Don’t use artificial sweeteners to lose weight, WHO says

At a time when a growing number of fake sugars are being added to foods and beverages, the World Health Organization released new recommendations advising against using non-sugar sweeteners to control weight, citing potential health risks.

The recommendation is based on a systematic review of the scientific literature, the agency said in a news release Monday. Besides not helping with the long-term reduction of body fat, non-sugar sweeteners may — with long-term use — increase the risk of Type 2 diabetes, cardiovascular disease and early death, according to the agency.

The agency noted that the guidance isn’t a recommendation to eat more real sugar instead, but to reduce the overall sweetness of the daily diet.

“People need to consider other ways to reduce free sugar intake, such as consuming food with naturally occurring sugars, like fruit, or unsweetened food and beverages,” says Francesco Branca, WHO director for nutrition and food safety.

Sugar substitutes “have no nutritional value,” Branca added. “People should reduce the sweetness of the diet altogether, starting early in life, to improve their health.”

The recommendation applies to all people except individuals with preexisting diabetes, who may still benefit from using sugar substitutes.

The guidance is aimed at individual sweetener packets that people sprinkle into their morning coffee as well as the range of sugar substitutes that food companies are increasingly adding to processed foods and beverages, including breads, cereals, yogurts and snack bars.

Common non-sugar sweeteners named by WHO include acesulfame K, aspartame, advantame, cyclamates, neotame, saccharin, sucralose, stevia and stevia derivatives.

The Calorie Control Council, a food industry group, said in a statement that it strongly disagrees with the WHO’s recommendation and that the safety of non-sugar sweeteners has been firmly established. It claimed low- and no-calorie sweeteners have been proven to help with weight management, promote oral health and help cut back on calorie and sugar intake.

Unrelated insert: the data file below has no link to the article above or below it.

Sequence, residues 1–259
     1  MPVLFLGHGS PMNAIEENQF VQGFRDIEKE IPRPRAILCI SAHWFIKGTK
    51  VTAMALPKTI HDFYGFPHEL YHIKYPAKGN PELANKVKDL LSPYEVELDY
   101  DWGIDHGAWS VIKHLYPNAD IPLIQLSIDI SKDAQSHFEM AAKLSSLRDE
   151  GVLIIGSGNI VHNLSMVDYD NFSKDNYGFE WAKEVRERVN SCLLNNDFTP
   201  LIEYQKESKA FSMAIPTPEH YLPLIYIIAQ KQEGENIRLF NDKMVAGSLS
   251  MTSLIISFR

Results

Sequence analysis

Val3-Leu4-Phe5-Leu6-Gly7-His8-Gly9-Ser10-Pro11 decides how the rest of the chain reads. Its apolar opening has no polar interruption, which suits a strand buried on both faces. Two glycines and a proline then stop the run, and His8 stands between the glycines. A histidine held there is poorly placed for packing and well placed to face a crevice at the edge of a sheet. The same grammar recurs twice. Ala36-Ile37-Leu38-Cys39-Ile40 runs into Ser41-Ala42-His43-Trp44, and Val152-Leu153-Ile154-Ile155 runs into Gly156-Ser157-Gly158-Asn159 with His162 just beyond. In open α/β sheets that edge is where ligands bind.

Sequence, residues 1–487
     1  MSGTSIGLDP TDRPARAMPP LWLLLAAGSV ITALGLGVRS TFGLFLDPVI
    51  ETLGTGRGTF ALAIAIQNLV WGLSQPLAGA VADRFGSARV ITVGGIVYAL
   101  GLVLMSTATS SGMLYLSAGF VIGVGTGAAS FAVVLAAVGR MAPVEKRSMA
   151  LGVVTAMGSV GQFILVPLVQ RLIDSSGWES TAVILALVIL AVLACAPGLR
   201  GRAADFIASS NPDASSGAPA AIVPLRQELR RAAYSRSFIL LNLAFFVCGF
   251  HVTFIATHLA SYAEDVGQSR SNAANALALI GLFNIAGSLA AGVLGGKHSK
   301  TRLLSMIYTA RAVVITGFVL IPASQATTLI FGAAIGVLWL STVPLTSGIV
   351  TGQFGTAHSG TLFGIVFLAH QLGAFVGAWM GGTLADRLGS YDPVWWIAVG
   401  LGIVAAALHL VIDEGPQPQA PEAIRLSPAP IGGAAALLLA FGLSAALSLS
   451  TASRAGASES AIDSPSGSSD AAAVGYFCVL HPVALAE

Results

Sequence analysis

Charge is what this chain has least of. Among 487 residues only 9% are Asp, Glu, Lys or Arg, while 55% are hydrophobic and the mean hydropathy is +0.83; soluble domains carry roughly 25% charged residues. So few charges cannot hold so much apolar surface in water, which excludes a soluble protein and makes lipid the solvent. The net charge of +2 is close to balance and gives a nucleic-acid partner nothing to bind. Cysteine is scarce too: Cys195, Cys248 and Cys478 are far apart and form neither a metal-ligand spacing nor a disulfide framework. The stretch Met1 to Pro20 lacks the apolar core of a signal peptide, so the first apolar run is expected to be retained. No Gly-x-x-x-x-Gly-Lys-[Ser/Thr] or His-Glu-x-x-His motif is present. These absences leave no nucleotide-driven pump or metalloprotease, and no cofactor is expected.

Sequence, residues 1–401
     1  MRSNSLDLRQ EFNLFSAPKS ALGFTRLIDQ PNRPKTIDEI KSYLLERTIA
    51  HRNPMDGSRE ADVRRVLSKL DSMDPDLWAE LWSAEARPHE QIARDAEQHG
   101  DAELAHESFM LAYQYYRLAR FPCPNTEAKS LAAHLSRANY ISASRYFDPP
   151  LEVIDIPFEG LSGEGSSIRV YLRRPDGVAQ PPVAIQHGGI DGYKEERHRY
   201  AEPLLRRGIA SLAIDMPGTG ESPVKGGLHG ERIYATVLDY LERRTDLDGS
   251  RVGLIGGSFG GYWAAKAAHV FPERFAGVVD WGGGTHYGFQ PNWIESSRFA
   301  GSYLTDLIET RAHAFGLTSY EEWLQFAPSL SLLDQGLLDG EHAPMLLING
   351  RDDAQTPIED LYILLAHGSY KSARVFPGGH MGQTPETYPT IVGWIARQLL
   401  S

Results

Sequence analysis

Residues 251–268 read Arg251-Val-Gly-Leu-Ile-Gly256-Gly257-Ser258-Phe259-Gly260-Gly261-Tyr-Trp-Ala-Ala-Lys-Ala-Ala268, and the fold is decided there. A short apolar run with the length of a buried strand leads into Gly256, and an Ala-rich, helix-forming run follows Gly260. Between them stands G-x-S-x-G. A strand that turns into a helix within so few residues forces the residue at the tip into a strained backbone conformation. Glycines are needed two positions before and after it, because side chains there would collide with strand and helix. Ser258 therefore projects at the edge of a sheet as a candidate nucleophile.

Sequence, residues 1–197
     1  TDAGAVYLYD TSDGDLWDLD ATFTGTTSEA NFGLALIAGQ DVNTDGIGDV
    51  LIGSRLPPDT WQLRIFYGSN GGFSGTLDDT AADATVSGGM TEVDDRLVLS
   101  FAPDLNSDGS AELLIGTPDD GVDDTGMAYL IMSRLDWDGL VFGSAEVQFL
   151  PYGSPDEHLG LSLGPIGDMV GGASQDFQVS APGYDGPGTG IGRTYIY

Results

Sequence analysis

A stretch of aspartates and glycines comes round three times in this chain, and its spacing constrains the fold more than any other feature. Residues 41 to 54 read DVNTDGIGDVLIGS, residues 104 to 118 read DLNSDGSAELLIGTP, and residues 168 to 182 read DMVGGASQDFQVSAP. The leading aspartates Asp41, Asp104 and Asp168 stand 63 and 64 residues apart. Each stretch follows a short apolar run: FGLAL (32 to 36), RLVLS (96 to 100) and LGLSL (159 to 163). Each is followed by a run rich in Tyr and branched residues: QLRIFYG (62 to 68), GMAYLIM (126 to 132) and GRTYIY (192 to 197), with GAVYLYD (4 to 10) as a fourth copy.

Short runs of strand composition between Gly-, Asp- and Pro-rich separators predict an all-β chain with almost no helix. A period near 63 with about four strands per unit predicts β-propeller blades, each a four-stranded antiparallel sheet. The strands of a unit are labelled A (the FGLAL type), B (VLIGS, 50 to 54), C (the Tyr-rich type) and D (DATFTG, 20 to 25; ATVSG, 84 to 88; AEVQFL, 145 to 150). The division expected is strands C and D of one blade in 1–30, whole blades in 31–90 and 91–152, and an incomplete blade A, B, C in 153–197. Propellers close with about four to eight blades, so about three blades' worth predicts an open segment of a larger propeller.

The recommendation “does not provide the full picture regarding the efficacy of these ingredients and has the potential to negatively impact public health,” the council’s statement said.

Scientists used to think that nonnutritive sweeteners were largely inert, and the main benefit was to help people cut calories from their daily diet. But more recent research suggests that fake sugars can have a deleterious effect on health.

One study found that sugar substitutes caused changes in both the function and composition of the gut microbiome, the communities of bacteria, viruses and fungi that live in the intestines.

A large study published in the BMJ found that a high intake of artificial sweeteners increased the risk of cardiovascular problems such as strokes and coronary heart disease.

The WHO noted that its recommendation is “conditional” because a number of factors, including differences in the health of study participants, may have influenced some of the findings.

The Calorie Control Council seized on the “conditional” label, noting the classification is used when the evidence supporting the guidance is “considered less certain.”

‎“A substantial body of evidence shows that low- and no-calorie sweeteners provide effective and safe options to reduce sugar and calorie consumption,” said Robert Rankin, president of the council. “Along with exercise and a healthy diet, low- and no-calorie sweeteners are a critical tool that can help consumers manage body weight and reduce the risk of non-communicable diseases.”

The WHO said its recommendation does not apply to personal care and hygiene products containing non-sugar sweeteners, such as toothpaste, skin cream and medications.

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